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Gay, Powell can't avoid each other in Osaka

18 August 2007
Watch the world champs live daily webcast on WCSN.com

Tyson Gay and Asafa Powell Tyson Gay and Asafa Powell
By Robert Falkoff

They are No. 1 and No. 1A in the 100-meter sprint fraternity, with the order to be determined as the world looks on.

Finally, Asafa Powell and Tyson Gay are preparing to step into the starting blocks simultaneously at the upcoming 2007 world championships in Osaka, Japan. Time for the heavyweights to get it on in the glamor event of track and field. Time for the dodgeball maneuvering behind the scenes, the public posturing and the rhetoric to end. It's 100 meters of clear territory to the finish line. May the best man win and proudly celebrate his "World's Fastest Human" title, at least until affirmation is required at the Beijing Olympics next summer.

Track and field needs this race to send a wave of excitement through the world of sports and generate plenty of hype and hoopla leading up to the 2008 Olympics when fans will again turn their attention to Powell, Gay and anyone else who dares to speed into prominence as a 100-meter sprinter extraordinaire.

The Osaka confrontation, which pits a 100-meter world record holder in Powell against the best 100-meter performer of this season in Gay, comes after two years worth of frustration in trying to stage a big 100 meter showdown.

Back in the early summer of 2006, it seemed that Powell and Justin Gatlin were on course for a celebrated showdown in Europe. They shared the world record time of 9.77 and had meet organizers clamoring for a high-dollar match race. But then Gatlin abruptly fell off the 100-meter map, leaving Powell to go through the remaining 100 meter competition as smoothly as a knife goes through warm butter.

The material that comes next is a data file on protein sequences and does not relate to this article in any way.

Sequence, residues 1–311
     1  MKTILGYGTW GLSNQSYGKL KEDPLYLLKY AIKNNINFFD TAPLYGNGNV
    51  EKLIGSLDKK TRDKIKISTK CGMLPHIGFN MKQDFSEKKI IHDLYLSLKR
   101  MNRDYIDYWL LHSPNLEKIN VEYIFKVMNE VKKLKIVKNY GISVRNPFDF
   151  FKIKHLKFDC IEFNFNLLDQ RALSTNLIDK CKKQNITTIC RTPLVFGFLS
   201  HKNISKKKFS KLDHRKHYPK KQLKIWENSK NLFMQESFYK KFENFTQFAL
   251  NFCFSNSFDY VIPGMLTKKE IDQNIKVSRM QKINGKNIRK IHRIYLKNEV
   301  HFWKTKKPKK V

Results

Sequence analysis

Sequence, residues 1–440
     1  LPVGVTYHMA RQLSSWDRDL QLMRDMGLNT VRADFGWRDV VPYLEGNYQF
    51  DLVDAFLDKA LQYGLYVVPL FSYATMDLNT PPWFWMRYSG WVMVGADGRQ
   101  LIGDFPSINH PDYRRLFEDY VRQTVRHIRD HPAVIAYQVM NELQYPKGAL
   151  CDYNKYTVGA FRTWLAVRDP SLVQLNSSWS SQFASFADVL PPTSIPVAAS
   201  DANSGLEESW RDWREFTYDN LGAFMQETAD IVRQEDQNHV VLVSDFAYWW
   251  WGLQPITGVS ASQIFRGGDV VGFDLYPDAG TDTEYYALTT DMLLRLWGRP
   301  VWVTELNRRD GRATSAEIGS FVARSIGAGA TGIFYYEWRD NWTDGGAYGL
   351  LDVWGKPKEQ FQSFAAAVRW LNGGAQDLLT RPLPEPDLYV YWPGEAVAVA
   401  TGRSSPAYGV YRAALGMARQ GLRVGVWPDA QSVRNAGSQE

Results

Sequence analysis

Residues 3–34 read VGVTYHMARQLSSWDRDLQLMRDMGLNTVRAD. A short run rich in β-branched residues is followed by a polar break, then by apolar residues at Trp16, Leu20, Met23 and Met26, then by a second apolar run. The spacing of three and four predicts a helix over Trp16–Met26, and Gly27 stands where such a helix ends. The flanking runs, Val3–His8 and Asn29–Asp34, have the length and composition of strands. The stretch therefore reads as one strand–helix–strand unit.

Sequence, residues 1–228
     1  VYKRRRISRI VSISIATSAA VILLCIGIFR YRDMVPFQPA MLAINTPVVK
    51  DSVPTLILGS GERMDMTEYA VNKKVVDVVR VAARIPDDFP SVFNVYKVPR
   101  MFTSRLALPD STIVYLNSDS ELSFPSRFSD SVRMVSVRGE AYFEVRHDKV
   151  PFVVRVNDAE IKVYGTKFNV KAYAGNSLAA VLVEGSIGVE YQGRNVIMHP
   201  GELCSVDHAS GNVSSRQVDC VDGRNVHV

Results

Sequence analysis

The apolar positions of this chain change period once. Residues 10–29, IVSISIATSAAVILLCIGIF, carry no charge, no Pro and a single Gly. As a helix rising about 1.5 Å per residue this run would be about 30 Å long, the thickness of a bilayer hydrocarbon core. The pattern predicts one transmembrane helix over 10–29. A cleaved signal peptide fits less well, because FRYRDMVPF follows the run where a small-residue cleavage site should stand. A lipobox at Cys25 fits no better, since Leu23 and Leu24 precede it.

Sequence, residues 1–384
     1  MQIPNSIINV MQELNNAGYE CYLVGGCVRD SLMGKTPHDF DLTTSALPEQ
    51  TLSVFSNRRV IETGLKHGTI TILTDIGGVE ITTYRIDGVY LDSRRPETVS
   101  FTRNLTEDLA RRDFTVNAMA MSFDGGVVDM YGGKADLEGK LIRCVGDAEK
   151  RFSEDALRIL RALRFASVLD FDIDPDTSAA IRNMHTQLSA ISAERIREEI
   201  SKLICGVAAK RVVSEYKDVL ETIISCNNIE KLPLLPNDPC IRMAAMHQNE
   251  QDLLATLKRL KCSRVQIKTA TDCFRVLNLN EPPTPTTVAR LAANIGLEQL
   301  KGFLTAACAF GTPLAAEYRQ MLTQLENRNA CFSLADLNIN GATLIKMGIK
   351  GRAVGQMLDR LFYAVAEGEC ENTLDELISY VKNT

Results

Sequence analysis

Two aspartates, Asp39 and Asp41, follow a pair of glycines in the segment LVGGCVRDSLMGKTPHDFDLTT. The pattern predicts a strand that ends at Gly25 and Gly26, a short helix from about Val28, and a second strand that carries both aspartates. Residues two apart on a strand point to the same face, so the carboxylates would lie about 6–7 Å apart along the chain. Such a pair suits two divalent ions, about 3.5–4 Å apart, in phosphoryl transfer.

Gatlin now faces an eight-year doping ban after failing a drug test for the second time in his career in 2006. But in his place, another American sprinter has risen to provide a serious challenge to Powell's supremacy. Gay has had a superior outdoor season, compiling the fastest time in the world this year (9.84) and twice running under 9.8, only to have to those times rubbed out because of tailwinds which exceeded the limit of two meters per second.

Powell, meanwhile, has had an uneven summer. Nagging ailments have limited his participation schedule, but he seems to be building momentum toward a possible '07 peak in Osaka. He ran 9.90 to win the 100 meters at Rome's Golden League meet in July.

When Powell had an opportunity to go head-to-head against Gay recently at London's Crystal Palace meet, the Jamaican sprinter passed.

"I was kind of shocked that he didn't show up here in London," Gay told the International Herald Tribune. "I think it's just going to make it more exciting, waiting for Osaka."

Gay has had some injury issues of his own since he swept the 100 and 200 meter events at the U.S. championships in late June. He has had to be careful after experiencing some knee soreness. But for both Powell and Gay, there will be no injury excuses when the moment of truth comes in Osaka.

There are two key questions surrounding the 100-meter showdown: Will Gay get a good break out of the blocks? Will Powell stay relaxed and finish strongly over the final 40 meters?

Gay has improved considerably in exploding from the blocks and that has been a critical factor in his emergence this summer. Nevertheless, he must show he can do it in the pressure of the world championships. Gay has said he's still working on his start techniques.

Powell's primary focus in on maintaining top-end speed from the 60-meter through the tape. Staying relaxed and maintaining form over the latter portion of the race could be the key ingredients in holding off Gay's anticipated late charge.

Assuming weather conditions are favorable, the new urethane surface track in Osaka could be conducive to a world record in the 100 meters. That would make for a special bonus in a race which figures to captivate track and field fans around the globe.

Finally, a world-class showdown in the 100 meters looms and there's no more dodging.

In less than 10 seconds, an entire sport will be enriched.

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